Sunnen Products Co. is introducing a 60-grit premium red aluminum-oxide honing abrasive that reportedly cuts material 25 to 50 percent faster than other conventional stones, depending on the workpiece material. The new abrasive formulation resists chip loading and galling even in stainless steel. It is available for all current Sunnen General Hone tools, as well as those of other manufacturers.
The 60-grit abrasive is specifically formulated for machining oil/gas industry parts where fast, base-metal removal is critical to enlarging a bore in a short cycle time. According to Sunnen, the 60-grit aluminum oxide abrasive is an ideal alternative for shops where inexperienced machine operators might damage a set of faster-cutting, but higher cost superabrasives, or where inferior honing oils may be in use.
"This is a good compromise for shops that want fast metal removal without the risk of wrecking superabrasive stones, which are really the optimal solution," says Dennis Westhoff, Sunnen Business Development Manager. "We developed this product for those shops that prefer to trade a somewhat longer cycle time and shorter stone life for much lower initial cost and risk."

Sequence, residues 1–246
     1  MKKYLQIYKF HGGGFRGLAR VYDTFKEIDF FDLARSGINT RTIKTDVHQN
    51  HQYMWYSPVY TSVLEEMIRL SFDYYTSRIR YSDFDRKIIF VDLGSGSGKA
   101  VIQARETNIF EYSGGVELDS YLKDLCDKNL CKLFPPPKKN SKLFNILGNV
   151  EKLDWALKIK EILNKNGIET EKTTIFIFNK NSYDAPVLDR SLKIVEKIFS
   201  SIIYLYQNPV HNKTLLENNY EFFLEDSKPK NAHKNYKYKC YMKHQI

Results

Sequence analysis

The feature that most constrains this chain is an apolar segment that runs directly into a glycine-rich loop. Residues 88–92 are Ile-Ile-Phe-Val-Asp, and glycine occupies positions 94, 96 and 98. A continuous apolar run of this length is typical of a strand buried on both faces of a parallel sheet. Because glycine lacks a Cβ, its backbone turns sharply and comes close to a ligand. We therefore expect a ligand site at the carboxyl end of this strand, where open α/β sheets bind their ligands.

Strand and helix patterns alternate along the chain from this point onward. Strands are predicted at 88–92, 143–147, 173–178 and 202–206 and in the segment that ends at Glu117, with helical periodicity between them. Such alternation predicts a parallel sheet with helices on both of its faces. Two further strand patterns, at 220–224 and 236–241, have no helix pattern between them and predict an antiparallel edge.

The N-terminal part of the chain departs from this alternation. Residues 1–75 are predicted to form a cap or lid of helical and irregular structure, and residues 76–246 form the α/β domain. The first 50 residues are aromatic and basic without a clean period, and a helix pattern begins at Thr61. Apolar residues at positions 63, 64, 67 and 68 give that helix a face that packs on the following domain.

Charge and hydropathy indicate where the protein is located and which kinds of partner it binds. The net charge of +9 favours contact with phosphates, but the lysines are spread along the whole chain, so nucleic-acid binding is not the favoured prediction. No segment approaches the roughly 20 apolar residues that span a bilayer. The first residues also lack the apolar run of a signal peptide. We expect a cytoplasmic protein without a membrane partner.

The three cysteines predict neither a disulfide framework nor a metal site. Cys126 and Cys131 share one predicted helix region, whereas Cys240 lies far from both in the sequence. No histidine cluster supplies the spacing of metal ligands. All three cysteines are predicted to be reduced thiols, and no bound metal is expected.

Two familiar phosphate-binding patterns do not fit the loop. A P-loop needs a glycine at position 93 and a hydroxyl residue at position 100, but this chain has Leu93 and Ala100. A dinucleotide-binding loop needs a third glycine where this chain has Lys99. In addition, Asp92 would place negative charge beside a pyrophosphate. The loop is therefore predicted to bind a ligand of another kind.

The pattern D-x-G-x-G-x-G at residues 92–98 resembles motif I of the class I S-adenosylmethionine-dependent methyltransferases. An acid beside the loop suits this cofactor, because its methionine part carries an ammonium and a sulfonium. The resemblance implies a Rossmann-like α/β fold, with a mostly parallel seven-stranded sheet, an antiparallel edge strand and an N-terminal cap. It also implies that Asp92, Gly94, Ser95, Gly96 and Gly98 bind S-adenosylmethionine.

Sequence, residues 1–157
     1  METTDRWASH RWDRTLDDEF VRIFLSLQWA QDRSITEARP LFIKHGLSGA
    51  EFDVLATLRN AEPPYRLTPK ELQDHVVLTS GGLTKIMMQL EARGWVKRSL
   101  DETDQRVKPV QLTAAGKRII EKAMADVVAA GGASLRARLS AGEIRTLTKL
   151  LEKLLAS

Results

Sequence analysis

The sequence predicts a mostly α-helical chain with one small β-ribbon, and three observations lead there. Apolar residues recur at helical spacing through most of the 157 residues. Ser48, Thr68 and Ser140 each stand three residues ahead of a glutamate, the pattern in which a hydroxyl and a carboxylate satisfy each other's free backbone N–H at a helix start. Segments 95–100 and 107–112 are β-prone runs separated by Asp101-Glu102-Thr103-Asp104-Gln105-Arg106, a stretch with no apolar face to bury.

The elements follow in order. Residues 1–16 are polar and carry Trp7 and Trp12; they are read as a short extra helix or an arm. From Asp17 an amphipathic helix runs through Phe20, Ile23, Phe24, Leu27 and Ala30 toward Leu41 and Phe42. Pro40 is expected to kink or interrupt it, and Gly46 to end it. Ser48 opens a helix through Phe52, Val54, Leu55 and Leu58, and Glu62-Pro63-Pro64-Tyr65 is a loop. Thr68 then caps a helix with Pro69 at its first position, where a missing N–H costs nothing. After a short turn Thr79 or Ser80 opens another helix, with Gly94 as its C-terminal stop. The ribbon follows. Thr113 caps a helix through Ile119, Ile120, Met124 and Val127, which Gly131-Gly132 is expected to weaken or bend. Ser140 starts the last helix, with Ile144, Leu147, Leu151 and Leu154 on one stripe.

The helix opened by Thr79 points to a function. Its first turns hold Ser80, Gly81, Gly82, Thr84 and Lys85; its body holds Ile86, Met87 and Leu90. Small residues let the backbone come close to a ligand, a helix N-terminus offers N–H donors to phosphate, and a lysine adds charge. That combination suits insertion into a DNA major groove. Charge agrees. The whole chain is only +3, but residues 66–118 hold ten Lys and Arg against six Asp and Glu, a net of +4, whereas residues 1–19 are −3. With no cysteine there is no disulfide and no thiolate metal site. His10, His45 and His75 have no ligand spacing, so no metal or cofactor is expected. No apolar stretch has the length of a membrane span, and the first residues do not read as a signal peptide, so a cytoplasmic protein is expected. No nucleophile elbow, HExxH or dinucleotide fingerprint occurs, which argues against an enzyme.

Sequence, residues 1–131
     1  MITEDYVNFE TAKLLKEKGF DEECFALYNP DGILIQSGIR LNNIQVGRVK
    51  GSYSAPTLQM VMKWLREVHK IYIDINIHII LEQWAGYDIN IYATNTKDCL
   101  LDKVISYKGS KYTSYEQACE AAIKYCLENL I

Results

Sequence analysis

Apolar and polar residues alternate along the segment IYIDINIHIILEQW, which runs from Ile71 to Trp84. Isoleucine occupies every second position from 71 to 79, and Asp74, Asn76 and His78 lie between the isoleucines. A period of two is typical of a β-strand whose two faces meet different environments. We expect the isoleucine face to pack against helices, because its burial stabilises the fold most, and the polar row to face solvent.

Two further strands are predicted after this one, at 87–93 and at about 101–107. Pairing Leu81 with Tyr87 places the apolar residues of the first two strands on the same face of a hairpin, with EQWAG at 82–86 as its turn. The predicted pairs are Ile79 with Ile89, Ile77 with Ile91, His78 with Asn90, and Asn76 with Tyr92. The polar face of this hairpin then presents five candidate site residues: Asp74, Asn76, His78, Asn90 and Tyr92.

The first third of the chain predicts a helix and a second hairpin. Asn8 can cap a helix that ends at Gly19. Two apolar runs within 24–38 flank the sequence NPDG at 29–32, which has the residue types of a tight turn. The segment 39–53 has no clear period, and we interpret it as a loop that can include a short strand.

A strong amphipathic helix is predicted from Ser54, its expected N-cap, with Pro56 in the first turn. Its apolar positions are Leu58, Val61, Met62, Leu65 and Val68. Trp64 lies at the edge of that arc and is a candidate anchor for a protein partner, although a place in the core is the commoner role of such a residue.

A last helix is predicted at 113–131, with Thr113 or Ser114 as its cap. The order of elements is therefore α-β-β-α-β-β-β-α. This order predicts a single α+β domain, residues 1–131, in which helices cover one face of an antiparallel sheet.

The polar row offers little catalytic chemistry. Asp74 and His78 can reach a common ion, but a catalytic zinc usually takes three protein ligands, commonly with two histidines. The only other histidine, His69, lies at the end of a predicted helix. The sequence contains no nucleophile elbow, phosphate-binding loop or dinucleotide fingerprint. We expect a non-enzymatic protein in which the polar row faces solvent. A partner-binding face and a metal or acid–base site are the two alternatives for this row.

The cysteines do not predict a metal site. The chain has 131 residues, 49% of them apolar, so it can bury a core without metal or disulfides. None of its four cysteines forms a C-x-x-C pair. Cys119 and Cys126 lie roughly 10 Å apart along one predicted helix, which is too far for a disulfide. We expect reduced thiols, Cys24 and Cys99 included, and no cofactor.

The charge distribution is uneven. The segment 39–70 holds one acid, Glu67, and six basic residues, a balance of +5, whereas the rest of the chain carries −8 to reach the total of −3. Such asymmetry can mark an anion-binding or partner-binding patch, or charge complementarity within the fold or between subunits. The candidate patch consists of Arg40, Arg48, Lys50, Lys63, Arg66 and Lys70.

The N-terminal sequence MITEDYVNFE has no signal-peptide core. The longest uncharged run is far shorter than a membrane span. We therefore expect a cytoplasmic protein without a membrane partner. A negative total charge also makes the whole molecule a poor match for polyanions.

In field tests, the red abrasive significantly outperformed brown aluminum-oxide, and remained clean while cutting stainless steel at high horsepower.
Related Glossary Terms
Substance used for grinding, honing, lapping, superfinishing and polishing. Examples include garnet, emery, corundum, silicon carbide, cubic boron nitride and diamond in various grit sizes.
- aluminum oxide
Aluminum oxide, also known as corundum, is used in grinding wheels. The chemical formula is Al2O3. Aluminum oxide is the base for ceramics, which are used in cutting tools for high-speed machining with light chip removal. Aluminum oxide is widely used as coating material applied to carbide substrates by chemical vapor deposition. Coated carbide inserts with Al2O3 layers withstand high cutting speeds, as well as abrasive and crater wear.
Condition whereby excessive friction between high spots results in localized welding with subsequent spalling and further roughening of the rubbing surface(s) of one or both of two mating parts.